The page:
There's no denying the fact that aging can cause the thinning skin around your eyes to wrinkle and sag. The good news, though, is twofold. First, some of the damage is reversible. And second, certain factors that contribute to creases, puffiness, and dark circles have nothing to do with getting older and everything to do with lifestyle and general well-being. Here's how to keep your eyes as young-looking as possible as the years go by:
Coping With Crow's Feet
Nothing etches the skin around your eyes more surely than too much exposure to direct UV rays from the sun. The light not only breaks down the connective tissues that provide elasticity and strength but it also makes you squint. Your best defense is the trifecta of sunscreen, sunglasses, and a broad brimmed hat. Over time, if you also treat the skin around your eyes to nourishing moisturizers – especially those with retinol – the new cells you're always making will surface and look better than the ones that were "photoaged."
Speaking of squinting, however, watch out for three other situations in which you could be scrunching up your eyes. One is reading in dim light, another is straining to read without glasses, and the third is smoking. If you like to read in bed and your partner snoozes off before you do, invest in a bright but targeted light. And if you think that whipping out a pair of readers to get a better look at a menu or a playbill makes you look like a little old lady, think again! You can put the glasses away but the wrinkles from squinting aren't so easy to lose. As for smoking, what can we say? You know you should quit, not just to avoid crow's feet but for a host of health concerns. Please do yourself a huge favor and get cessation support if you haven't been able to go it alone.
Get Rid of Under-Eye Bags and Droopy Eyelids
Surprise. All that unsightly puffiness may not a sign of age. Instead, it could be caused by allergies and sinusitis. You might not even have other symptoms such as sneezing or a stuffy nose. If you have bags under your eyes even though you're getting enough sleep and eating well, a trip to the doctor may be in order to find out if you need allergy medications or any other type of relief.
On the other hand, puffy and droopy eyes that come with age do run in families. Even a healthy lifestyle can't outsmart your genes in this case, so you may decide that surgery is your best bet. A procedure called blepharoplasty – popularly known as an "eye tuck" – can take years off your looks. It can also improve your peripheral vision if yours is an extreme case. So if the pictures in the family album show that your mom and Aunt Maude and your grandmother all sported those telltale bags, you may want to seek out a board-certified plastic surgeon and discuss your options.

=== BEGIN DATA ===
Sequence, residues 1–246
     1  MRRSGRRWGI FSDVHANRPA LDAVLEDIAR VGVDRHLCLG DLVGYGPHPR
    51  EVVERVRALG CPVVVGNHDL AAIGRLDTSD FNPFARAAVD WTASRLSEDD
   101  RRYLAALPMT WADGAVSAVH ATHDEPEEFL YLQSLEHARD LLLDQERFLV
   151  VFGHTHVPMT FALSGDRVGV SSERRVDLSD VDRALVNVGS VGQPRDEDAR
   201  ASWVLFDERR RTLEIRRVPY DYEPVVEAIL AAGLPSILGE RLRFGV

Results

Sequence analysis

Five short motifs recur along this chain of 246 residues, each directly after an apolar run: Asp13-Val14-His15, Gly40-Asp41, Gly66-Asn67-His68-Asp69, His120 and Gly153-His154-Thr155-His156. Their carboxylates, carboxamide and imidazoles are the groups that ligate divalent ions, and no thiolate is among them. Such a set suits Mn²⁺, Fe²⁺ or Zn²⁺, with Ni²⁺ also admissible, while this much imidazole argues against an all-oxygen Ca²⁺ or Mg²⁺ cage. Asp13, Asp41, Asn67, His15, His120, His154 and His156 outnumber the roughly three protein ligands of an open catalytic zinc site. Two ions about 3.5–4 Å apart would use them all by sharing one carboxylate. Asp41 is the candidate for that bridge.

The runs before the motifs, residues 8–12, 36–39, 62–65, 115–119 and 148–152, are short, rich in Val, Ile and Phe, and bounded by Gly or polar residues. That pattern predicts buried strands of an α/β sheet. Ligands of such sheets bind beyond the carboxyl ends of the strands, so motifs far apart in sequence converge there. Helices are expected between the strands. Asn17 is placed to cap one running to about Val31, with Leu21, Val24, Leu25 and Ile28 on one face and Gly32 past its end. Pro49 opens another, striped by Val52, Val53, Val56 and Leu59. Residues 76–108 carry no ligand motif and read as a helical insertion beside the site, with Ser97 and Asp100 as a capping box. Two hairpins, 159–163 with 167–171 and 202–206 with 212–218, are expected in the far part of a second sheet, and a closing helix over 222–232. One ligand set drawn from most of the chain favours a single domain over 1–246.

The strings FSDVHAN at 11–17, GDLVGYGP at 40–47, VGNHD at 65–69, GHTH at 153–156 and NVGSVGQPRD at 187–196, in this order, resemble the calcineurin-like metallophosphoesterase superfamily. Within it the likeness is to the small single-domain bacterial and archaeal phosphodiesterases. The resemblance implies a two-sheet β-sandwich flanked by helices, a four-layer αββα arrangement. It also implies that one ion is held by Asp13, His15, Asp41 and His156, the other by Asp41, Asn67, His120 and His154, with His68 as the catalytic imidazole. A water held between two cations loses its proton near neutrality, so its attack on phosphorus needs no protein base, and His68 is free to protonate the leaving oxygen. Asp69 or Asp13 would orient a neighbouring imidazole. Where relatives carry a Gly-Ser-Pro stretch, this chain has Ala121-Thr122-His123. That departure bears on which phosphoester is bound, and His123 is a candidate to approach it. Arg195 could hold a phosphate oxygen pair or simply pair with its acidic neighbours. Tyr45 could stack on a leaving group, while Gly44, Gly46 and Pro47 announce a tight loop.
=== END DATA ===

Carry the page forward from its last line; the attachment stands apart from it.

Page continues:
Dark Under-Eye Circles
Shadows under your eyes make you look ill as well as older, but they're actually almost never a sign of exhaustion or underlying disease. As mentioned above, nasal congestion may be the culprit, but you may also have fair skin that lets the blue of your veins show through. In that case, you can try camouflage with concealers. Look for a shade lighter than your foundation and test it on the obvious blue veins inside your wrist.
General Tips to Keep Your Eyes Ageless
Beyond that, here are some strategies that can help with all the problem areas around your eyes:
Use Cold Compresses. Crushed ice in a zippered plastic bag is ideal. So is a bag of frozen peas. Other time-honored choices are slices of chilled cucumber and cooled bags of tea, especially green.
Sleep Slightly Propped Up. Add an extra pillow or two so that fluid won't collect around your eyes during the night but will drain away instead.
Get Enough Sleep. You need at least 6 if not 8 or 9 hours a night to look and feel your best. Otherwise, you're courting a hollow-eyed look complete with shadows. Naps are good supplements, too, especially if you are something of an insomniac. Just 15 minutes of mid-day shuteye can work wonders.
Finally, notice that we haven't touted injectable fillers or muscle paralyzers such as Botox and Dysport. All of our research points to the fact that these solutions don't really help with correcting the look of your eyes. Explore those possibilities for the rest of your face if you want to do that, but the suggestions we've outlined here are best for regaining and maintaining the ageless eyes you want and deserve.
Sondra Forsyth is a Senior Editor at ThirdAge.com.